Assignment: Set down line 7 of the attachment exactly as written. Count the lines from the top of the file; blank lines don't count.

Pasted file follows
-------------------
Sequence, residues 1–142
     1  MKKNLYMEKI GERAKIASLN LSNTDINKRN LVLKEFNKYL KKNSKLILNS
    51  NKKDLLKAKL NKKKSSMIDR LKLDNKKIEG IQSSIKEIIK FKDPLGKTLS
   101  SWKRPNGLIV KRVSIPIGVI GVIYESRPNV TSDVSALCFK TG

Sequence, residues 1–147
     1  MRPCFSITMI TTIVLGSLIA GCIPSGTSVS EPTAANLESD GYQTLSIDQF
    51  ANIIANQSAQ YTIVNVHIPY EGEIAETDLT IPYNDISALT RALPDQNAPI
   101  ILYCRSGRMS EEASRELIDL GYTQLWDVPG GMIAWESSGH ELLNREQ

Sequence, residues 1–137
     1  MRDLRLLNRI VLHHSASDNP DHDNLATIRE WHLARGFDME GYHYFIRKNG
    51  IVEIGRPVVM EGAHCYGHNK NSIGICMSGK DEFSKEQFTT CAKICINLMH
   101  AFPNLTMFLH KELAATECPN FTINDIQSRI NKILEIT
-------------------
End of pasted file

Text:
    51  ANIIANQSAQ YTIVNVHIPY EGEIAETDLT IPYNDISALT RALPDQNAPI